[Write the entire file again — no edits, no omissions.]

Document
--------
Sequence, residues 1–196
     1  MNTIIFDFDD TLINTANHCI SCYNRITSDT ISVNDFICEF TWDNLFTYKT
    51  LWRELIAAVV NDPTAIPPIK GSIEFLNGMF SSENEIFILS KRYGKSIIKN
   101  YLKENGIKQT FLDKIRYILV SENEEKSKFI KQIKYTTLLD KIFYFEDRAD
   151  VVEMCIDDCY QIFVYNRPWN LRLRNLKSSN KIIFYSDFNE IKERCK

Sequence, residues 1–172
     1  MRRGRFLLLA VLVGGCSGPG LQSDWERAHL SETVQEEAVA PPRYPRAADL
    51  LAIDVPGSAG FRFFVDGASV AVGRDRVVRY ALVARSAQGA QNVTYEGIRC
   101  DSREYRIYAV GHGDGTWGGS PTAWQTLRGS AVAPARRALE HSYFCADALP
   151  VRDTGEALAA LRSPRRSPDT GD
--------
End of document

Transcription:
Sequence, residues 1–196
     1  MNTIIFDFDD TLINTANHCI SCYNRITSDT ISVNDFICEF TWDNLFTYKT
    51  LWRELIAAVV NDPTAIPPIK GSIEFLNGMF SSENEIFILS KRYGKSIIKN
   101  YLKENGIKQT FLDKIRYILV SENEEKSKFI KQIKYTTLLD KIFYFEDRAD
   151  VVEMCIDDCY QIFVYNRPWN LRLRNLKSSN KIIFYSDFNE IKERCK

Sequence, residues 1–172
     1  MRRGRFLLLA VLVGGCSGPG LQSDWERAHL SETVQEEAVA PPRYPRAADL
    51  LAIDVPGSAG FRFFVDGASV AVGRDRVVRY ALVARSAQGA QNVTYEGIRC
   101  DSREYRIYAV GHGDGTWGGS PTAWQTLRGS AVAPARRALE HSYFCADALP
   151  VRDTGEALAA LRSPRRSPDT GD